How Baldwin has never forgotten 9/11

Baldwin remembers 9/11 through the years


As we near the 20th anniversary of Sept. 11 terrorist attacks on the World Trade Center and American Airlines Flight 11, it is important to remember the words of Al Ficarola, commander of American Post 246: “The death of our 3,000 innocent people has affected tens of thousands of families, friends and co-workers…We will never forget.”

Baldwinites have never forgotten, as through the years they have honored the loved ones lost on that fateful day, including those who have left an imprint in Baldwin, through ceremonies, plaques, conversations and education.

For nearly two decades, Baldwin American Legion Post 246 has hosted a memorial at the Legion Hall, where participants receive a motorcycle escort to Freeport for a waterside service at the Miss Freeport, after which the boat sets sail.

In 2014, more than two-dozen motorcycles participated in the event, with help of a police escort. Following the ceremony, the crowd of about 60 people boarded the Miss Freeport, where the names of the fallen were read aloud and flowers were cast into the water.

In 2015, it was raining so torrentially that only a six-bike caravan was present that year, and it was unknown throughout the ceremony if the ship would be able to set sail. Among the mourners was a Baldwin Gold Star mother, Emily Toro, whose son, Army Pvt. Isaac Cortes, was killed in action in 2007 in Iraq. “It’s important to know the sacrifice our children make,” she said.

Similarly, Baldwin resident Alan Arias, along with more than 100 of his peers in the New York City Fireriders Motorcycle Club, took a trip to Arlington National Cemetery to participate in a three-mile-procession to lay a wreath on the unknown soldier’s tomb and memorialize the 9/11 fallen.

Throughout the past 20 years, the Baldwin community has come and worked together to pay tribute to the fallen through street-renaming and plaque ceremonies to ensure the memory of the victims is set in stone.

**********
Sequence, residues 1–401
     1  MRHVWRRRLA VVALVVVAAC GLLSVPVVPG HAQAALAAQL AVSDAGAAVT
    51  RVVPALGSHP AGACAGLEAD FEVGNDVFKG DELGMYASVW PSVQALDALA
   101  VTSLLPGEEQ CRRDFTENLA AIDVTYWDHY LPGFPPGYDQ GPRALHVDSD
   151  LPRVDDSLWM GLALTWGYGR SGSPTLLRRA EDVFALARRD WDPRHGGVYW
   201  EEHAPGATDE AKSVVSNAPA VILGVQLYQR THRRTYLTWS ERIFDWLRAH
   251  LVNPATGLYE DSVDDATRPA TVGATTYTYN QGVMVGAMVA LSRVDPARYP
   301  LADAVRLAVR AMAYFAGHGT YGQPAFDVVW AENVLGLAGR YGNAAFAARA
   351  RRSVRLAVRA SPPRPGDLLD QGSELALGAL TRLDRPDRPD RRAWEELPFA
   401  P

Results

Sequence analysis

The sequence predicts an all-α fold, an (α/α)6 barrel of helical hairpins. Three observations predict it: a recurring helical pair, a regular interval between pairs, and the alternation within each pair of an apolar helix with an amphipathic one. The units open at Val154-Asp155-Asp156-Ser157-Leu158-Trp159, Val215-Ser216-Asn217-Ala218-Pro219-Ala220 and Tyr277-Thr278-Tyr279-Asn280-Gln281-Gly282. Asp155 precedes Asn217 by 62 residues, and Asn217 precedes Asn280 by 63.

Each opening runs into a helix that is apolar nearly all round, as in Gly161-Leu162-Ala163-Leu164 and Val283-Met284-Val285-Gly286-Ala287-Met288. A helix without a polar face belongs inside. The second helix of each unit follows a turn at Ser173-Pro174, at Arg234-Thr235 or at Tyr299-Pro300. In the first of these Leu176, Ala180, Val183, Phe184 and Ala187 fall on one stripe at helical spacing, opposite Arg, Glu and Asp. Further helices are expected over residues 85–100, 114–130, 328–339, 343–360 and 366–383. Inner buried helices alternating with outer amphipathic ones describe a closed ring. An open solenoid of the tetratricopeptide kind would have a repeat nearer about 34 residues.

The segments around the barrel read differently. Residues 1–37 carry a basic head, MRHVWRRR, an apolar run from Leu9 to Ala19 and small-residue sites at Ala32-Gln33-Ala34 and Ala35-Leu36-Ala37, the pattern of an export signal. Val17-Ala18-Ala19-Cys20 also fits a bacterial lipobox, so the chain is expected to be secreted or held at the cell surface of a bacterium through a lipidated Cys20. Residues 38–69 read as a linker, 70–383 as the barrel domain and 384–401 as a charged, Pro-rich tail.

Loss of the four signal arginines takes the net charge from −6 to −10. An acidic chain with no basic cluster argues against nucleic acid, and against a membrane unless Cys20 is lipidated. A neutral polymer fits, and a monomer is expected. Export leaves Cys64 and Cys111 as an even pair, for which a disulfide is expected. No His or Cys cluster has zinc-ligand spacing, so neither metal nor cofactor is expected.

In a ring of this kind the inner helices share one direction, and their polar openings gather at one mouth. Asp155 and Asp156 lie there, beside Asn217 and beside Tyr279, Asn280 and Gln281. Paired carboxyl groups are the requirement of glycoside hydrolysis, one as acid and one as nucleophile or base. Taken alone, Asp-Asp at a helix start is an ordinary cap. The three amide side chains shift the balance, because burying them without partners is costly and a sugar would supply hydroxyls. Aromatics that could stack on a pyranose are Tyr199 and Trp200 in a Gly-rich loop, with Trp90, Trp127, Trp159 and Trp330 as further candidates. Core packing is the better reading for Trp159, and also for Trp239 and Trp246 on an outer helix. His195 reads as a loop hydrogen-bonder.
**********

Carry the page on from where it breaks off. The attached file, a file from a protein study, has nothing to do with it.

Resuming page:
On April 5, 2003, Tennyson Avenue was renamed as Brian McAleese Place in honor of the 36-year-old New York City firefighter and father of four who died on Sept. 11 trying to save people after the attacks on the World Trade Center. Nearly 100 people attended the ceremony to unveil the sign bearing his name.

In a 2001 interview, his widow, Dawn McAleese, told the Herald from her home: “He loved to be a fireman…He said, 'When we go to work, we don't know if we're coming home that night.’” She added, “He was definitely a family man. He called the kids every day before going into work.”

The Town of Hempstead unveiled a memorial at Point Lookout Park in 2016 to mark the 16th anniversary of the terror attacks. At the park, there is a meditation plaza with a memorial table, a granite wall, a 30-foot steel beam from the World Trade Center’s North Tower and a directional plaque showing the distance to ground zero in Lower Manhattan.

The granite wall has the names of those killed in the Sept. 11 attacks at the World Trade Center and Pentagon and in Shanksville, Pa., inscribed on it. And it has been updated every year to include the names of those who have died of 9/11-related illnesses.

Students of Meredith Healy-Kurz’s Art 2 class at Baldwin High School class also found a way to pay tribute to those who perished on 9/11 in 2011 by creating a mural outside their classroom that portrays a firefighter with his face buried in his hands surrounded by the fallen towers at sunset.

Healy-Kurz said, “It took a few years to be able to discuss the events of Sept. 11 with [the students], but it is imperative they understand and remember the brave men and women who lost their lives that day.”

The Baldwin School District also tackled 9/11 education by introducing lessons early on in students’ careers in 2016, including books for each grade about the day and its aftermath. They also held a moment of silence during the morning announcements, after which the students shared their thoughts on the tragedy.

“Our school-age children were not even born when this tragedy struck our country,” Baldwin Superintendent Dr. Shari Camhi said. “So it is important for them to know and understand the significance of this event and to remember and commemorate that day in our history.”

2021, however, was a challenging year to gather and remember 9/11 because of the coronavirus pandemic. Nassau County held a socially distant and masked ceremony to remember the 348 Nassau residents who died on 9/11, attended by only a few at the Harry Chapin Lakeside Theater at Eisenhower Park in East Meadow, where victims’ family members read all the names aloud.

The honoree of this 19th anniversary was Luis G. Alvarez, 43, a New York City bomb squad detective from Oceanside who worked at ground zero. He died June 29, 2019, of complications of cancer caused by his contact with 9/11 debris, just a few weeks after testimony to Congress extended the September 11th Victim Compensation Fund.